Presented here is a fine little covered storage jar. It is in excellent condition with no splits or cracks. Made of maple, its lid fits tightly, it sports a "mushroom" finial, and is a warm, honey maple color . . . Excellent original surface and wonderful patina. It was made in the Cascade Valley of Ohio by one of the members of the Pease Family. It is circa 1860-80. (Pease is to wood turning as Shaker is to baskets in terms of excellent craftmanship.)
Size is 3-13/4"h. x 3 1/3" in diameter at the widest point. Note the footed base and the sets of concentric rings on the lid . . . a nice embellishment. This lid is different than we usually see, with two of the rings cut wider and deeper and flanked by scribed lines.
When the pioneers began building homes and communities, they had many needs, some of which involved the safe storage of food which was vital to their survival. Secure containers were indispensable to protect food from pests and to keep dry such essentials as herbs, mustard and other seeds, salt, pepper, and maple sugar chunks.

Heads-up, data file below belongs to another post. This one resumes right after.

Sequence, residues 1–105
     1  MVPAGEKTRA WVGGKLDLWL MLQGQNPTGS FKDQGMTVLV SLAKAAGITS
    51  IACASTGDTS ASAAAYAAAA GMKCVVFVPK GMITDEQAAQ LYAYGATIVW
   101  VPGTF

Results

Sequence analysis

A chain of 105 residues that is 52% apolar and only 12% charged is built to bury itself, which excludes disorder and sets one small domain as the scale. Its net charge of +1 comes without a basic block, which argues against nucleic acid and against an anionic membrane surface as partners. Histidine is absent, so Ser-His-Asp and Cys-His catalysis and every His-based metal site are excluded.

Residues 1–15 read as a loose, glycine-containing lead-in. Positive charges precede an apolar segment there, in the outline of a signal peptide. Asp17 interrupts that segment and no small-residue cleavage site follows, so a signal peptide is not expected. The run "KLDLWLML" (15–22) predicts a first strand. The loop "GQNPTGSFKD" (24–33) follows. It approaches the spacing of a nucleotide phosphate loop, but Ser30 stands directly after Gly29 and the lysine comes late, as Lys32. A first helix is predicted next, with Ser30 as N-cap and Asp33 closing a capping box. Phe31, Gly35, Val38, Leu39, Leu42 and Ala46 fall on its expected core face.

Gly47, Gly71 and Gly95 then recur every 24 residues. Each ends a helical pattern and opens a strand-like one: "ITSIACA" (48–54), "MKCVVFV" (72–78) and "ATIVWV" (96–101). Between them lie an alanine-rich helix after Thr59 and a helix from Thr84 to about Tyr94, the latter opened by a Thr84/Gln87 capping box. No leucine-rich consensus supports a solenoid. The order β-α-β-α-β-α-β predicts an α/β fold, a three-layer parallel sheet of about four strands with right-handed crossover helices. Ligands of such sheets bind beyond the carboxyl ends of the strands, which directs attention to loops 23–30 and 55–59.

To fulfill these needs, David Mills Pease introduced a new style of spindle-turned woodenware that surpassed other regional designs. He possessed an inherent aesthetic sensibility nurtured by exposure to historic Connecticut River Valley refinements. The impact of visual resources of 18th and 19th century high-style furniture is reflected in Pease forms. Those items made by him and his family are very distinctive and rank among the best of the best in design, form and aesthetic beauty. Peaseware is Treen at its very finest and widely sought after by collectors as well as museums.
While David Mills Pease was born in Deerfield, Massachusetts in 1815 and moved to Ohio in 1838 it wasn't until 1850 when records show him in Cascade Valley, Ohio where he began his new business of turning woodenware. The rest is history.
We are pleased to offer this fine Peaseware Covered container in absolutely wonderful condition. They just don't get much better than this. Excellent original surface and a great patina that only age can impart.
Questions? Ask the Ferret!